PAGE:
3-D printing has been making many waves recently. The current chatter is that it is going to hit the market in a big way by 2014. According to the business news media site Quartz, patents currently preventing competition in the industry are keeping the cost of 3-D printers high. High-end printers are upwards of $10,000 while according to PC Magazine, Staples offers the home version at the lower price of $1,300. However, those patents expire next year, and will make the current design of 3-D printers and those to follow much cheaper.
But what exactly does a 3-D printer do?
“The 3-D printer allows students to build or to have complicated parts manufactured at low costs,” said Dale Schinstock, professor of mechanical and nuclear engineering and co-advisor for the Unmanned Aerial Systems design team.
Complicated parts that can be created include decorations, models, bowls and 3-D printers. That’s right – printers can now print fellow printers.
“By far the coolest printing design was parts to build another 3-D printer,” said Eric Wagner, research technician for the mechanical and nuclear engineering department. “We printed everything up in the printer except for the servo motors, the electronics and the fastenings. Everything but the nuts and bolts basically.”
K-State currently has a fused deposition modeling printer in the mechanical and nuclear engineering department. Fused deposition modeling is where the printer starts on a tray where it deposits the material layer by layer on top of each other. To get around spaces and holes so the piece doesn’t collapse in on itself, the printer has another nozzle that lays down support material that dissolves in a simple chemical solution. That is a very different result from more conventional means of producing parts.
“It would take more money and a better part of a day to machine the same part out of steel,” Wagner said. “You can build things with the printer that would be impossible to machine.”
It also eliminates waste. 3-D printing is known as additive manufacturing, meaning that in the production process one would only use what they need and nothing more. It is exactly the opposite of manufacturing steel, since that requires a piece of metal to be reduced and cut down to size with scraps leftover.
Terry Beck, professor of mechanical and nuclear engineering, said he uses the printer for class.
“We’ve used the rapid prototyping system to build wing models for running tests in our wind tunnel,” Beck said. “In aerodynamics, the final project is to build a glider and testing it inside Weber Arena. The goal being is to try and have your glider fly from one side to the other.”
An example of this type of printing was shown as a ball inside of square cube frame. When Wagner picked up the object, the ball moved against the cube frame holding it.
“That was printed together exactly like that, with support material keeping the frame and the ball separate,” Wagner said. “There is no way one could machine this in the same way. The machine tool wouldn’t fit between the frame and the ball. This would take three machined pieces with the frame welded together to get the same result.”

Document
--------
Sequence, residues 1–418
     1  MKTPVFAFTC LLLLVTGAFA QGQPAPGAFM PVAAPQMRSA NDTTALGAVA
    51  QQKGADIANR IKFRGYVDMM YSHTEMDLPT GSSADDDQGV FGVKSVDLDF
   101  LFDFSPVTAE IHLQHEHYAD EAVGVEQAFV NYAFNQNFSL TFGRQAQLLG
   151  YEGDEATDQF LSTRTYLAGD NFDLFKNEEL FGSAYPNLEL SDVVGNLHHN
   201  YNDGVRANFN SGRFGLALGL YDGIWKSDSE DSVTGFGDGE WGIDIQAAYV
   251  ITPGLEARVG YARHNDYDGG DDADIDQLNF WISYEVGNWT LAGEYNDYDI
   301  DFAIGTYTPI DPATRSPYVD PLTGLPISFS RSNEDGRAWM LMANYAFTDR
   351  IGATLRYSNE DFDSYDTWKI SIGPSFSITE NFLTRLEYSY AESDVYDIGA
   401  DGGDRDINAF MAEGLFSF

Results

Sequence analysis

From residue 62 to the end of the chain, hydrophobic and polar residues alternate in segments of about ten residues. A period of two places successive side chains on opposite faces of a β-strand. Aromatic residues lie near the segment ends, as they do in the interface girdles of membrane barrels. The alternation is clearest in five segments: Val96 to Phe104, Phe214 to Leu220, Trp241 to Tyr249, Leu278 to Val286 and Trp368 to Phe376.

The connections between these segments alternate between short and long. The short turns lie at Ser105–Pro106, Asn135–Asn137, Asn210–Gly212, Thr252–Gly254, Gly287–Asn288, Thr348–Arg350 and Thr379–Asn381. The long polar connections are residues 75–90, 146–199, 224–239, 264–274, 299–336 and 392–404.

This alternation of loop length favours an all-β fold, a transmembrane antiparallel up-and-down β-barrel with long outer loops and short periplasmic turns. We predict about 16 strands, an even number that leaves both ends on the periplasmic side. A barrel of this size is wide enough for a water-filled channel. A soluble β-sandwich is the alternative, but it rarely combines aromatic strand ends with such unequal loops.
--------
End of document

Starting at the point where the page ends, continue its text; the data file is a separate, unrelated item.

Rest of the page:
While other projects completed by K-State’s 3-D printer have been universitywide, the main usage of the printer is for mechanical and nuclear engineering itself – though anyone can get a design printed for $50 plus materials used.
“The machine is great for prototyping work,” Wagner said. “One utility of the printer is that it is time saving. We can print parts for projects to see if they fit in a few hours. If it is not a high strength application, then the part is an end user product.”
Schinstock said the printer was a great way for students to have parts made at low costs, but there is a catch. Low strength applications rears up again, though with flight involved new problems with the printer’s results emerge.
“Plastic is heavy. Most builds use materials like balsa wood and carbon fiber for the body,” Schinstock said. “If we incorporate it, we can’t make it big. The pieces we use are mostly mounts to put the equipment in the air craft.”
The process is great for its timeliness, especially in a classroom setting. It is even better than the older version they used.
“The older process involved a laser curing resin into sticking in place,” Beck said. “Being made out of resin made the material very heavy and dense. It made the process of sanding the part very hard as it was also brittle.”
With the current level of 3-D printing, smooth is an impossibility. Since it is put down level by level, the material staircases. To put it in the terms of graphics, the printers are still pixelated.
This should not be a problem for the next generation of 3-D printers, which use a process called selective laser sintering. It takes small units of material and puts them together with a laser. It is thought to be the next big thing as its products can be sold as finished goods. With the patents in place, the only way to get use of such printers is through Shapeways, a company that runs 3-D printers for clients.
According to the Wall Street Journal, however, there are a few reasons why 3-D printing is not the big revolution that people seem to believe it is. It takes a few hours for the item to be printed – way too long to work on a mass produced scale. Injection molding and metal forming deal with a wider variety of products that 3-D printing can currently handle, but there is a problem of durability.
In the end, 3-D printing has lots of future and current uses for K-State. Even with a few hiccups in mass production, those issues look to be taken care of within the next year when patents expire and everyone can get there hands on this technology.